One of the finest products of junior cricket in this country will continue his bid to revive his international career for the UAE this afternoon when he returns to the crease in the Bukhatir League.


Rameez Shahzad, a 25-year-old all-rounder, has been conspicuous by his absence over the past four years, having previously established himself as a mainstay of the national team.

The Sharjah-raised cricketer was one of the brightest prospects in an otherwise ageing UAE side back then.

However, he then left the country in 2008 to marry studying for a business degree at university with an attempt to forge a professional career in the sport in the UK.

He believes he has returned a far better player – “the cricket in England was excellent” – and he hopes to be able to assist with the challenges of a busy near future for the national team.

“I would love to play for UAE again, but I have to see how it goes in terms of whether I will qualify or not,” Shahzad said.

The Emirates Cricket Board have already signalled their intention to reintegrate their former middle-order batsmen into the senior ranks.

However, they need to investigate whether the Pakistan-born player’s long absence abroad will preclude him from returning straight away to the international fold, as per the ICC’s eligibility rules.

And if he is sidelined by the residency criteria, it will not be the first time he has felt like an outsider.

Shahzad had been pursuing a contract to play county cricket while in the UK. However, despite shining as an overseas player in domestic club cricket, he believes he represented an unattractive proposition for professional clubs there as he did not possess a British passport.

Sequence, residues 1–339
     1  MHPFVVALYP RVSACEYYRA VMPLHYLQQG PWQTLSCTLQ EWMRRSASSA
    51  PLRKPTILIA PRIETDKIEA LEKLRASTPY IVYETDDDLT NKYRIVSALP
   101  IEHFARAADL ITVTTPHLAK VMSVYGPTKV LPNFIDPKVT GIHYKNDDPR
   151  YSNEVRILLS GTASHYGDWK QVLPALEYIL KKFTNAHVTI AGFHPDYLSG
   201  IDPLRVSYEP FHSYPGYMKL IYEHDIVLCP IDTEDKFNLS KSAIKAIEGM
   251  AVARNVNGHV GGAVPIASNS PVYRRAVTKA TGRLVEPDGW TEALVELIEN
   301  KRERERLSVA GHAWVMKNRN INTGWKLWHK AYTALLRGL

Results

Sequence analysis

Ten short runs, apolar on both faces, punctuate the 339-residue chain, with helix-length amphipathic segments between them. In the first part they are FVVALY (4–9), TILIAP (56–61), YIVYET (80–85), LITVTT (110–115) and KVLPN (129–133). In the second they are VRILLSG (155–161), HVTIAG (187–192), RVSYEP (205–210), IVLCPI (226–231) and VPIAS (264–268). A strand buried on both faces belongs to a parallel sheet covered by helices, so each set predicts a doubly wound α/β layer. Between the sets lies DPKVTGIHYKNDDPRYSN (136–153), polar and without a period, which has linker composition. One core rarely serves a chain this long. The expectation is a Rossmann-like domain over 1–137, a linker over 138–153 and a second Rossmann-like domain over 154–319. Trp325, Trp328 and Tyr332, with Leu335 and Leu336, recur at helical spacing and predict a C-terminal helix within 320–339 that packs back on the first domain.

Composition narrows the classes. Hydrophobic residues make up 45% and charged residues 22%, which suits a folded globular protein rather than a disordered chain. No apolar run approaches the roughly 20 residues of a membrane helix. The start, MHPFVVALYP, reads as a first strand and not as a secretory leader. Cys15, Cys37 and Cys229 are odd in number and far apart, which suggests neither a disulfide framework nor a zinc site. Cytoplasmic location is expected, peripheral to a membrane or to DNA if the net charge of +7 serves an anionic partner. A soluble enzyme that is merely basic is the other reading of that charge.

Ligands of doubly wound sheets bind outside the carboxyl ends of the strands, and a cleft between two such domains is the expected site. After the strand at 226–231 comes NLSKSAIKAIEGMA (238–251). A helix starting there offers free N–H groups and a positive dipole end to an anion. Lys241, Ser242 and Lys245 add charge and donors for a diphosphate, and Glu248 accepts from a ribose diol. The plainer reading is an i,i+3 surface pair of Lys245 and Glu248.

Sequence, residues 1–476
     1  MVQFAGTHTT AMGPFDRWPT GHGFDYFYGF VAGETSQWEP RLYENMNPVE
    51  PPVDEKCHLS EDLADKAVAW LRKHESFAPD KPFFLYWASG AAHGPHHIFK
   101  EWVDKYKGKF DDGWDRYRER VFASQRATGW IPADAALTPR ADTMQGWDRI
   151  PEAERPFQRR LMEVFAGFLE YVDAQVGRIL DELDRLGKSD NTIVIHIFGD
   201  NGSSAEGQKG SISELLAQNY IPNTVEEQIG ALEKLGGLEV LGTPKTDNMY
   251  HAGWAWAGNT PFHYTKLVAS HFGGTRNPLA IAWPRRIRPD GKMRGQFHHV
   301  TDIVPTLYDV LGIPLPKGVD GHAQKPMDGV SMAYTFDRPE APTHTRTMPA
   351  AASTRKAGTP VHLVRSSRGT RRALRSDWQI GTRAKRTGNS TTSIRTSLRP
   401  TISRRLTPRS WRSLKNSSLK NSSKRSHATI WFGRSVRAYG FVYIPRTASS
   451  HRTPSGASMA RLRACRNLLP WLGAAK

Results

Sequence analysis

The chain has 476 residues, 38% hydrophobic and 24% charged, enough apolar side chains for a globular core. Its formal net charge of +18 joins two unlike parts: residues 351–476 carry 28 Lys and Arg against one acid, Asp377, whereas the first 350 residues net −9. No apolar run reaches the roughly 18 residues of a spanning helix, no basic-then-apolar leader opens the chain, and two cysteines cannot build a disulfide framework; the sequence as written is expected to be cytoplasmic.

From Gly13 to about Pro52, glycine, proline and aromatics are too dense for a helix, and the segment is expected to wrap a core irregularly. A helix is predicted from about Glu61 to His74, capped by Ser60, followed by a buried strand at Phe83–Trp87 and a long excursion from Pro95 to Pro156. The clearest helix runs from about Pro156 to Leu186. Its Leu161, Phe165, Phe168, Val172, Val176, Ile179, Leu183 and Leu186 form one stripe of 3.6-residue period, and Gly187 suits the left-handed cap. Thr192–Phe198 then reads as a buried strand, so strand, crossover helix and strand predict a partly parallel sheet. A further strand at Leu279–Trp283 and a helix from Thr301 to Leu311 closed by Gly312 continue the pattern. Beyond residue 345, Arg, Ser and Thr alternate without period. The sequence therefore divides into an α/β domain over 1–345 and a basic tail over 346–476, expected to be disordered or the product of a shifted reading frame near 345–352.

He has not entirely given up on the idea of playing the sport professionally, though. If he rediscovers his touch here in UAE domestic cricket, he is considering travelling to Pakistan to attempt to play professionally there later this year.

And he insists he is a more rounded player for leaving these shores.

“In Dubai, even if I don’t practice for a month, I could still go out and score a hundred,” he said. “In the UK, if you don’t practice, it is very difficult.

“I don’t think that in terms of talent there is much difference between the game that’s played in England and that in Dubai.

“There are lots of talented players here who would really develop their cricket if they had the chance to play there.

“But people here have families back at home, and they have to take care of them.”

Shahzad’s return has coincided with a concerted push to harness the emerging talent in this country.

Following a meeting with David East, the new chief executive of the Emirates Cricket Board, last week, Aaqib Javed, the head coach of the national team, yesterday confirmed his plans for a new nationwide “talent hunt”.

Shahzad has been back in the country for around a month, during which time he has managed to play two Twenty20 matches, plus one 50 over A Division match for his new employers, United Bank Limited.

This afternoon they face Farooq CC in the Bukhatir League, the country’s oldest – and still its most prestigious – competition, and his new teammates are happy to have him involved.

“It is brilliant to have Rameez back,” said Naeemuddin Aslam, his UBL teammate and another player who is hoping to catch the UAE selectors’ eye with his batting after a lengthy lay off through injury.

“It only seems like a couple of years maximum since he has been gone – not four.

“It is good to have him in our team because he is only a young lad, he has played a good level of cricket in the UK, and every time he goes out to bat it shows.”